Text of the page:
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Update: British Columbia’s New Arbitration Act Comes into Force on September 1, 2020

In March 2020, we previewed anticipated changes the British Columbia (“BC”) government had tabled to the Arbitration Act, R.S.B.C. 1996, c. 55 (the “Old Act”). By way of Order in Council, these changes will come into force on September 1, 2020.

The Arbitration Act, S.B.C 2020, c. 2 (the “New Act”), which will repeal and replace the Old Act, contains a regenerated set of rules for domestic arbitrations which will bring BC in line with international best practices and enhance its profile as a desirable venue for domestic arbitrations.

The new Arbitration Regulation (“Regulation”) will also come into force on September 1, 2020, at which time the Arbitration Act Application Regulation, B.C. Reg. 96/2019, will be repealed.

Key Changes in the New Act


Old Act

New Act

Commencing Arbitral Proceedings

· Does not provide clear procedure

· Provides clear procedure for starting proceedings if not specified in the arbitration agreement

Designated Appointing Authority

· Does not delegate powers to resolve secondary disputes

· Delegates power to the Vancouver International Arbitration Centre (“VIAC”) to resolve disputes about (1) appointing the arbitrator; (2) the arbitrator’s fees

Direct Evidence of Witnesses

· Does not provide a requirement as to the form of the direct evidence of witnesses

· Requires that the direct evidence of witnesses be in written form, unless otherwise agreed by the parties or directed by the arbitrator

Interim Orders

· Provides authority to grant interim awards, but does not provide clear procedure

· Provides clear procedure for obtaining and enforcing certain interim measures

· Provides specific procedure for obtaining preliminary orders without notice to other parties


· Provides right of appeal to the Supreme Court of British Columbia (the “BC Supreme Court”)

· Provides right of appeal to the BC Court of Appeal

· Parties may opt out of appeal rights

· Preserves the BC Supreme Court’s jurisdiction to set aside awards on specific grounds of procedural fairness


· Does not provide explicit requirement

· Expressly prohibits disclosure of confidential information

Expanded Powers and Duties of Arbitrators

· Arbitrator must adjudicate the dispute with reference to law unless parties agree otherwise.

· No explicit provisions on delay

· Arbitrators must consider equitable rights and defences in addition to legal principles

· General duty to achieve a just, speedy, and economical determination of the issues.

Enforcing Arbitral Awards From Other Canadian Jurisdictions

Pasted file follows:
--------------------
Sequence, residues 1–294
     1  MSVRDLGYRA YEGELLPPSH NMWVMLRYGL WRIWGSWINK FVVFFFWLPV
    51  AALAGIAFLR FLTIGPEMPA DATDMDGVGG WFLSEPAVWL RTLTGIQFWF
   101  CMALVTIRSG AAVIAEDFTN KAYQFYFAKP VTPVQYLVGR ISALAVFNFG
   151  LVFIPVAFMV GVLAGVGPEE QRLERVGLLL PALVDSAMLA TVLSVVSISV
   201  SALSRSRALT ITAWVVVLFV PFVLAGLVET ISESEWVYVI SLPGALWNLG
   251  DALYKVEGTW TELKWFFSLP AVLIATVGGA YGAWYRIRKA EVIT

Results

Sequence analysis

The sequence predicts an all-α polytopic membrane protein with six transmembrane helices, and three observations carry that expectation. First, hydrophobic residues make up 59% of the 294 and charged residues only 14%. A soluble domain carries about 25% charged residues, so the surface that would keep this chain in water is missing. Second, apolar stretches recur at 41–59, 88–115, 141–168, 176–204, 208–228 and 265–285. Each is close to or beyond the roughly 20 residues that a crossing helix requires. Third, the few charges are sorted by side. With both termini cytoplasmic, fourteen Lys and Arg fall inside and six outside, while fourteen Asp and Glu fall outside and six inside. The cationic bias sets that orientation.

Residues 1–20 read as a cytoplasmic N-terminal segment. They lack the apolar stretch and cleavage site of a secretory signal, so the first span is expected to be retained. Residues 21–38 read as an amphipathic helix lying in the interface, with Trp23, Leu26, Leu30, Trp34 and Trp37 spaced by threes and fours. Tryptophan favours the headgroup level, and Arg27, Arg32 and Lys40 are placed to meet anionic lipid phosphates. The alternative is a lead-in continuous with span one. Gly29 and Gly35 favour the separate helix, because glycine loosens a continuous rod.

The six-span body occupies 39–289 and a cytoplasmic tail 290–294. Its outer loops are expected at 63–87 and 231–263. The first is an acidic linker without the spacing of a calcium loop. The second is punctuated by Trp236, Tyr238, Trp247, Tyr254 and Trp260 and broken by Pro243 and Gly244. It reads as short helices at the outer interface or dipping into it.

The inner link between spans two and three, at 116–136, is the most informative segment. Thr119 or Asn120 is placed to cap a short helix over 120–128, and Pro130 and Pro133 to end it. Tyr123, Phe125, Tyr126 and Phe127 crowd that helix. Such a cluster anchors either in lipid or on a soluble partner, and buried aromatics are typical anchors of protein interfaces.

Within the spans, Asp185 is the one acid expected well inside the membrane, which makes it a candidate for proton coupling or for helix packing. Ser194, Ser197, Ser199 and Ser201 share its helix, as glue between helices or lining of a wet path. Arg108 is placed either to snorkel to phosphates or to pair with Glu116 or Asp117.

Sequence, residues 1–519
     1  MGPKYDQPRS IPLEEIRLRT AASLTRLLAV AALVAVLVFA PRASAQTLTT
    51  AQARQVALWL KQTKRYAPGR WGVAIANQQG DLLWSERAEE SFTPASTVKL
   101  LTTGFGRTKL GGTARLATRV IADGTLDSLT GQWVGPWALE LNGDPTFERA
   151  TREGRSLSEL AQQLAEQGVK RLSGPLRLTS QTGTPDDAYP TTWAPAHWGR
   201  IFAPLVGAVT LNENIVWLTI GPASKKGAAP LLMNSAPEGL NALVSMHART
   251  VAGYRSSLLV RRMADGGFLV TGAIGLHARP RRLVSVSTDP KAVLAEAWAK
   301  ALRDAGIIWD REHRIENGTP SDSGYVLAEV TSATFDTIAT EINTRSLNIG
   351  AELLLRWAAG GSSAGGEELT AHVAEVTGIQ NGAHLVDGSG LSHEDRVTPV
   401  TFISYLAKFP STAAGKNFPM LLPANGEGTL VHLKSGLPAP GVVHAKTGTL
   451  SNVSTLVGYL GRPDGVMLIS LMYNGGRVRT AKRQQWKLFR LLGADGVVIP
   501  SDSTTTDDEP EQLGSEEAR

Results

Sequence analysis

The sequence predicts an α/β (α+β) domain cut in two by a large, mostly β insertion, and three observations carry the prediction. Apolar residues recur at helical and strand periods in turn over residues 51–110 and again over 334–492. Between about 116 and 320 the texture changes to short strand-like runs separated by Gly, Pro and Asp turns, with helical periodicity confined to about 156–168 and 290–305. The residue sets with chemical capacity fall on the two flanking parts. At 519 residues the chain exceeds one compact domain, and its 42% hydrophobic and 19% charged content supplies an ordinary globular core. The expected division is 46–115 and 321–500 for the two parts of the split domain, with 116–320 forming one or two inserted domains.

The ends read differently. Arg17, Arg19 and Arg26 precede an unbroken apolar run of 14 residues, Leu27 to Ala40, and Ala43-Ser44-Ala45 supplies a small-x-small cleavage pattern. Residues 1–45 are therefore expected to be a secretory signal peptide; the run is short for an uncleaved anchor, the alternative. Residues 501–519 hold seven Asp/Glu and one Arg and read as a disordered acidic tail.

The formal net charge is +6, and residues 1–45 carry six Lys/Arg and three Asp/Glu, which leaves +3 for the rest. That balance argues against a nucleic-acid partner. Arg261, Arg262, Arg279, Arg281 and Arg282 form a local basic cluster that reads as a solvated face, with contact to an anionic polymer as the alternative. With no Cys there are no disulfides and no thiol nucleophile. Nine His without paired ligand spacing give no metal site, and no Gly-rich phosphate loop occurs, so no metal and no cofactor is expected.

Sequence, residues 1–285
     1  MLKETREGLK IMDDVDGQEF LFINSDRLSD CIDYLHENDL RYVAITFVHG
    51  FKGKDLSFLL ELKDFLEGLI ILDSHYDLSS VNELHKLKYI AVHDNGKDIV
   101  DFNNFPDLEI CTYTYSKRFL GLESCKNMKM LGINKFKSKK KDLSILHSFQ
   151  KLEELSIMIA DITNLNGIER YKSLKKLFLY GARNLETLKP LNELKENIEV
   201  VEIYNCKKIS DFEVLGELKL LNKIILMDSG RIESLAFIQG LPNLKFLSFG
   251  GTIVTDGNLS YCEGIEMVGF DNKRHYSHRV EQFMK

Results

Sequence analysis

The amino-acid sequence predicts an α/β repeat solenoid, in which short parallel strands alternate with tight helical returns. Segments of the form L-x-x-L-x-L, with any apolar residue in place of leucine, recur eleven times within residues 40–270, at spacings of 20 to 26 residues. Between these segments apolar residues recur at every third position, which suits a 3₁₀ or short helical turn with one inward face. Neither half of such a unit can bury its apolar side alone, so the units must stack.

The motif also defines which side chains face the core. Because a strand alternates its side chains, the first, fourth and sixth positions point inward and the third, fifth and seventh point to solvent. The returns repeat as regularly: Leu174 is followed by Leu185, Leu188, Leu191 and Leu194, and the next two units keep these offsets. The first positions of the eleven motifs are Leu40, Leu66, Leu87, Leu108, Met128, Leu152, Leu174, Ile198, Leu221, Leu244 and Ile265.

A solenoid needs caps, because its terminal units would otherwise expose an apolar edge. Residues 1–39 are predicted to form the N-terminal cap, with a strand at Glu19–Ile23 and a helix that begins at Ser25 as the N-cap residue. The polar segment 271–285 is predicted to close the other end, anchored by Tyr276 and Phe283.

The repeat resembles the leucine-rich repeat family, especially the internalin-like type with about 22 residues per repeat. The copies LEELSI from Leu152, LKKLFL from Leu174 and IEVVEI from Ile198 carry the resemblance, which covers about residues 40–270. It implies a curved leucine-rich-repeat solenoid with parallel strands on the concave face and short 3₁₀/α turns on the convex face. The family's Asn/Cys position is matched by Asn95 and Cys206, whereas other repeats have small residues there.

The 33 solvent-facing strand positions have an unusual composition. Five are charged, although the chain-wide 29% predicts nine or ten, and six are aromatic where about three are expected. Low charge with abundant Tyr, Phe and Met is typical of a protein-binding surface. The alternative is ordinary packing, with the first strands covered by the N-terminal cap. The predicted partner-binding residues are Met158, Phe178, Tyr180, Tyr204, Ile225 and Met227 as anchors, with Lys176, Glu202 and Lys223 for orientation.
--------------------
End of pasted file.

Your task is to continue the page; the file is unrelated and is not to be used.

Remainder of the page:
· No explicit process provided - parties must rely on the cumbersome two step enforcement process under the Court Order Enforcement Act, R.S.B.C. 1996, c. 78 (the “COEA”)

· Parties may apply to the BC Supreme Court to recognize and enforce arbitral awards made in another Canadian jurisdiction

Clear procedures for commencing arbitral proceedings

If parties have expressly agreed on how to commence arbitration, the New Act requires them to adhere to their agreement. However, if the parties have not agreed on how to initiate arbitration, the New Act provides that a party may do so by sending one of several types of notice to another party, including notice that an arbitrator has been appointed (if authorized by the agreement to do so), notice requesting the other party participate in appointing an arbitrator, or notice demanding arbitration.[1]

Powers of the Designated Appointing Authority

The VIAC, currently titled the British Columbia International Commercial Arbitration Centre, will be the Designated Appointing Authority under the New Act[2] and will have the authority to resolve disputes that may occur within the arbitral proceedings.

In particular, the VIAC will handle two kinds of secondary disputes: [3]

  • The appointment of an arbitrator - Under the Old Act, if parties disagree on the arbitrator, a party may apply to the BC Supreme Court for a court appointed arbitrator. Under the New Act, a party will be able to apply to the VIAC to appoint the arbitrator.
  • The arbitrator’s fees - Under the Old Act, parties apply to a registrar or officer of the BC Supreme Court for a review of the account. Under the New Act, parties or an arbitrator will apply to the VIAC for summary determination of the arbitrator’s fees and expenses.

There is no right of appeal from appointment decisions or fee determinations made by the VIAC

Direct Evidence of Witnesses

The New Act requires that the direct evidence of witnesses be in written form unless otherwise agreed by the parties or directed by the arbitrator.[4] No such requirement exists under the Old Act. Oral hearings will be confined to cross-examination, which will expedite proceedings.

Interim Measures and Preliminary Orders